Our whole project depends on the creation of sensations and a certain atmosphere, and in order to do that we rely on all the arms at our disposal: we take good care of our brand image and regard it as an extension of our art, rather than a necessary evil.
7. If you were asked to describe the band in only four words, what words would you use?
Dark Elegant Music Experience
8. Let's say a major label came and offered you a release. Would you do it or are indie labels a much better home for your music?
It would naturally depend on the deal.
Right now Season of Mist is right in between both categories and we feel comfortable about it in the sense that they are a multi-national company with the muscle we need to push our project, but at the same time they are independent and do not disregard anything that's doesn't follow the standards of radio formula.
Anyhow, lately we're learning that there's no need to attach yourself to a single label: since we are such a multi-faceted band, one record company could be great better than other to promote a certain album or release, depending on the music's vibe and the label's market.
9. How does live differ from recorded music?
In many ways: first off, the dynamics in a live experience are very different from listening to an album at home, so you need to plan in advance if you want to keep the attention of the audience, and of course the resources at hand are very different in these two environments.
Secondly, you get us playing, which means that you are going to get a translated and more intense - because of its fleeting nature - delivery of everything you're hearing on the record. However, we strive to perform a version that's as similar as possible to the original recording, but that's just the way we like to do it.
The light show that accompanies the show has been designed and built by ourselves to make sure that it matches the mood of the music at all times; and, whenever possible, we have our own live VJ that creates a different movie every time, based on a cinematography that we ourselves have produced as an extension of the album's aesthetics. All in all it's a very stimulating and overwhelming show.
And last but not least, there's the thrill of deep communication happening right in the present in the context of an emotionally charged group of people. That's practically the reason of it all.
10. Spain is not somewhere I get a lot of releases from. What is the underground / extreme music scene like there? Any stand out artists we should know about from your area of Barcelona?
Spain is sadly a poor land for artistic ambition and creativity. Of course, the lack of infrastructures for the music industry to flourish and the rampant corruption in the institutions doesn't help much; but that's hardly an excuse for not having anything to export except for a bunch of copycats trying to imitate their idols from thirty years ago.
There are a few honorable exceptions, though: Wormed are making quite a statement through their hi-tech sci-fi brutal death metal (and they're also on our label); and you should definitely check out Foscor - they remind us of the best days of Ved Buens Ende with a pinch of Catalan modernism. Also keep an eye on Trono de Sangre and Maud the Moth.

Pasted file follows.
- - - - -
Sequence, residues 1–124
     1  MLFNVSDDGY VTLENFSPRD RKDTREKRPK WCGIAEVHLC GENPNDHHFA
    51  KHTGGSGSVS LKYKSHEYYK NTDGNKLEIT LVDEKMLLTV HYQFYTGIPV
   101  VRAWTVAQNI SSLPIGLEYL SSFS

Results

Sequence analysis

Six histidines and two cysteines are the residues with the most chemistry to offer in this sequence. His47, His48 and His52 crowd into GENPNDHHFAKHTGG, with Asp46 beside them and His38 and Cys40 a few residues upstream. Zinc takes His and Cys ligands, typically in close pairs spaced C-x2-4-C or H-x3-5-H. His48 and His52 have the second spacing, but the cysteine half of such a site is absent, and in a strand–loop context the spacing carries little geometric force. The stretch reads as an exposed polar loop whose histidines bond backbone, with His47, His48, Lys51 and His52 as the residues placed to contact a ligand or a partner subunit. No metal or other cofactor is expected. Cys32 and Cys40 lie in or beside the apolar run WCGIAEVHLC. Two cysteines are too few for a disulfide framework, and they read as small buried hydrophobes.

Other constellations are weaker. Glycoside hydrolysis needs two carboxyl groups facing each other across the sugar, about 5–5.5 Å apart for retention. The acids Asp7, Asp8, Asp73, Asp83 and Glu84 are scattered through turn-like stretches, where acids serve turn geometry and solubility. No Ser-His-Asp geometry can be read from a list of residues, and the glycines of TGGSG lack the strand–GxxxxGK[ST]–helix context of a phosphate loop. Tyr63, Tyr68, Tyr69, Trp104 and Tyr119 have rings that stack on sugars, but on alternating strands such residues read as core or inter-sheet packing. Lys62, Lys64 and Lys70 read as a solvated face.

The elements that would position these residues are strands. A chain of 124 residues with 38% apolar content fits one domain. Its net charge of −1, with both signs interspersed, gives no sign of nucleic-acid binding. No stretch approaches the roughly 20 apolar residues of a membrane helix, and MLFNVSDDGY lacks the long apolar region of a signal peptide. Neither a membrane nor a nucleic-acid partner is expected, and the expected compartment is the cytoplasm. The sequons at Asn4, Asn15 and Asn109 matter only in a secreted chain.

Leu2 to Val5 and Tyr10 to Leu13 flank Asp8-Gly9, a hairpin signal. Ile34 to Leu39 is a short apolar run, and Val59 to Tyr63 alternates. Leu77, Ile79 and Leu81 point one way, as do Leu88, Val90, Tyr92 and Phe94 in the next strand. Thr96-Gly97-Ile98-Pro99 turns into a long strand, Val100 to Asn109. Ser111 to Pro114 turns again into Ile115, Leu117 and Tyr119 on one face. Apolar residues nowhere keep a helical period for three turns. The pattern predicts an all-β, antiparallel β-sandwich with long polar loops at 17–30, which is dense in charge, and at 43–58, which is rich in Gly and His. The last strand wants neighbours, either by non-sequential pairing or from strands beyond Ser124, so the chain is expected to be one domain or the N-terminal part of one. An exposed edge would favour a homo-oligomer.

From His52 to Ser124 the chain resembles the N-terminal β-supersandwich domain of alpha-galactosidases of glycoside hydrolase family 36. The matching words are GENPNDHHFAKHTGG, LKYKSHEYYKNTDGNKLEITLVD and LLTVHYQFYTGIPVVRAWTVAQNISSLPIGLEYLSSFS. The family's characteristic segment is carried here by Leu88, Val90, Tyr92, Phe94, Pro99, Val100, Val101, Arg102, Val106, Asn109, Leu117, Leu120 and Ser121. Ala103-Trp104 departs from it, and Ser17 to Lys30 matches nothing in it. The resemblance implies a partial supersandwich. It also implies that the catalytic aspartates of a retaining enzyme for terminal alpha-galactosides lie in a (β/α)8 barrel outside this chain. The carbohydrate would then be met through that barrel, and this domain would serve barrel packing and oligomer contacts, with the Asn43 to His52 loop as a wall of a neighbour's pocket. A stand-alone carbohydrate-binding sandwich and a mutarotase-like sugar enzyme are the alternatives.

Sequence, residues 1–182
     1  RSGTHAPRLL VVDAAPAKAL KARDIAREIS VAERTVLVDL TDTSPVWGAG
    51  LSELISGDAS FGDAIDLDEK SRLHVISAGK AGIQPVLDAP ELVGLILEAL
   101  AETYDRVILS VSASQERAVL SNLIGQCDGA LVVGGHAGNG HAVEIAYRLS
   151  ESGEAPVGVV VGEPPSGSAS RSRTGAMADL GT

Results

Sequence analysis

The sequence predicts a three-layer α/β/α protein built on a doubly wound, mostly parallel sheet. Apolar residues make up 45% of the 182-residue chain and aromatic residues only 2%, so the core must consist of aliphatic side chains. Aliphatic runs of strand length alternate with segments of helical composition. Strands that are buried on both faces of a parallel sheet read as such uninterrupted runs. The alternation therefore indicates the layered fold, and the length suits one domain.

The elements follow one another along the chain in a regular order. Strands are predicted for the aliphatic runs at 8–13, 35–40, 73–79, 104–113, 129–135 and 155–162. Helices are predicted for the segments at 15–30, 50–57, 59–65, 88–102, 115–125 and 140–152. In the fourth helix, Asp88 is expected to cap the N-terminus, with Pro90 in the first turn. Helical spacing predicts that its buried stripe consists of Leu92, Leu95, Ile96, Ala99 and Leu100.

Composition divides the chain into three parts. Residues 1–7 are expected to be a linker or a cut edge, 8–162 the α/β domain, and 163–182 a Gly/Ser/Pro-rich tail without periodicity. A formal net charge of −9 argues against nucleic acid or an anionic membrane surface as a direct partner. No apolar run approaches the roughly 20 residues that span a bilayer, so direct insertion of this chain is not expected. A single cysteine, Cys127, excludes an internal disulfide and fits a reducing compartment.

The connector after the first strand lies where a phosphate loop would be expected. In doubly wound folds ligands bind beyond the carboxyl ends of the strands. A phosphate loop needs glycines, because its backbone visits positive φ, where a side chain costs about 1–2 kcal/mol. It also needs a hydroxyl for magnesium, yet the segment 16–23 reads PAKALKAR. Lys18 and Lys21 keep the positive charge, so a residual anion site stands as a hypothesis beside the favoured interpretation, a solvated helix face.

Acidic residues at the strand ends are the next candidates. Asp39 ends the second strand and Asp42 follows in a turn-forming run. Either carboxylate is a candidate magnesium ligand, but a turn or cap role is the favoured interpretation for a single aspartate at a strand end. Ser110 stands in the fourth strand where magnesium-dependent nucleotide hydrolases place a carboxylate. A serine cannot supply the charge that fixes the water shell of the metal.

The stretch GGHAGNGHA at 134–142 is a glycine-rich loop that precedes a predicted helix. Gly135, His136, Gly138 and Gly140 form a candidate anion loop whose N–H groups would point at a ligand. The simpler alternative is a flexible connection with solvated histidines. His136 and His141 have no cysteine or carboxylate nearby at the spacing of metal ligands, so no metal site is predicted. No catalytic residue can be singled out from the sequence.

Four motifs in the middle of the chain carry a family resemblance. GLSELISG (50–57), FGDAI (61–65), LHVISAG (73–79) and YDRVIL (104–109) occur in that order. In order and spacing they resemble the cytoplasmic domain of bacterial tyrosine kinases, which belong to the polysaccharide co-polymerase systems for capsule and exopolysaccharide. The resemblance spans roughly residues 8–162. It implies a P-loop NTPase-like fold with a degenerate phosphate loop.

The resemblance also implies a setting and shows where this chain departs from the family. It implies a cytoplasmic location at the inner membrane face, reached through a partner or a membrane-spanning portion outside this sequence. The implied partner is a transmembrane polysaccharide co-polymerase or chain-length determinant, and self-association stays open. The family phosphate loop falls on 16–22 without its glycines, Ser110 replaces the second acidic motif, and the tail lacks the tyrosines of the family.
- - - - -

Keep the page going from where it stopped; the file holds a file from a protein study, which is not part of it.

11. Do the members of Obsidian Kingdom have other musical outlets or is this band the focus of all musical ideals?
Right now the only member in the band with a side project is Irene - she plays guitar and sings in a folk duo called Kinsale, which she had long before joining the band.
The rest of us have had previous or side projects in the past, but are currently working only in Obsidian Kingdom right now.
12. If the members were not making music what other passions do you have?
We all have plenty of other occupations (and emergency plans), of course: Jaime is a computer engineer, a bank consultant and a natural manager and team-builder, whereas Irene is a designer and a local folk starlet. I myself am an architect, a professional translator, a music journalist and an art dilettante, but the real question here is: is there a chance that we would not be making music?
It's very unlikely.
13. Are you fans of social media and digital age or is music lost in its electronic grasp?
We are big fans of communication by whichever means, and social media is great for that. It means an unlimited field for creativity, expression and emotional display, and we're very keen on new technologies. We manage all of our online profiles with the utmost care, since they are yet another token of the bands existence and essence. There's nothing banal in the way you project yourself onto others because it is an integral part of your identity, and the Internet is the ultimate means to introduce yourself to the World.
Music will never be lost and the digital age is upon us, whether we like it or not.
14. Where do you see underground music heading in this modern age?
Where it has always been: some of it will make it through and some of it will stall; some will be kept in golden records and some will be lost like tears in rain; some will land on the covers of magazines and some will be remembered as a minority cult; some will remain a copy and some will lay the foundations for things to come.
And some of it is being written and read right here, right now.
15. What bands or musical projects are impressing Obsidian Kingdom members right now?
We post a quarterly playlist for anyone precisely interested in that matter.
In them you will find artists as diverse as Andy Stott, Death Grips, Lana del Rey, Swans, Kendrick Lamar, David Bowie, The Drones, Venetian Snares, Chelsea Wolfe or Shining (NOR).
16. If there was one song you could rework and release what would it be any why?
We actually rework or own songs all the time. For instance, we had Necro Deathmort produce a remix of one of the tracks in 'Mantiis' ('Awake Until Dawn'), and we ended up liking it so much that we started playing the remix in our shows, instead of the original song. We even made a video of that!
17. Thank you for the time and any closing thoughts here.
We're sorry to be the ones to break it to you, but this year there will be no summer.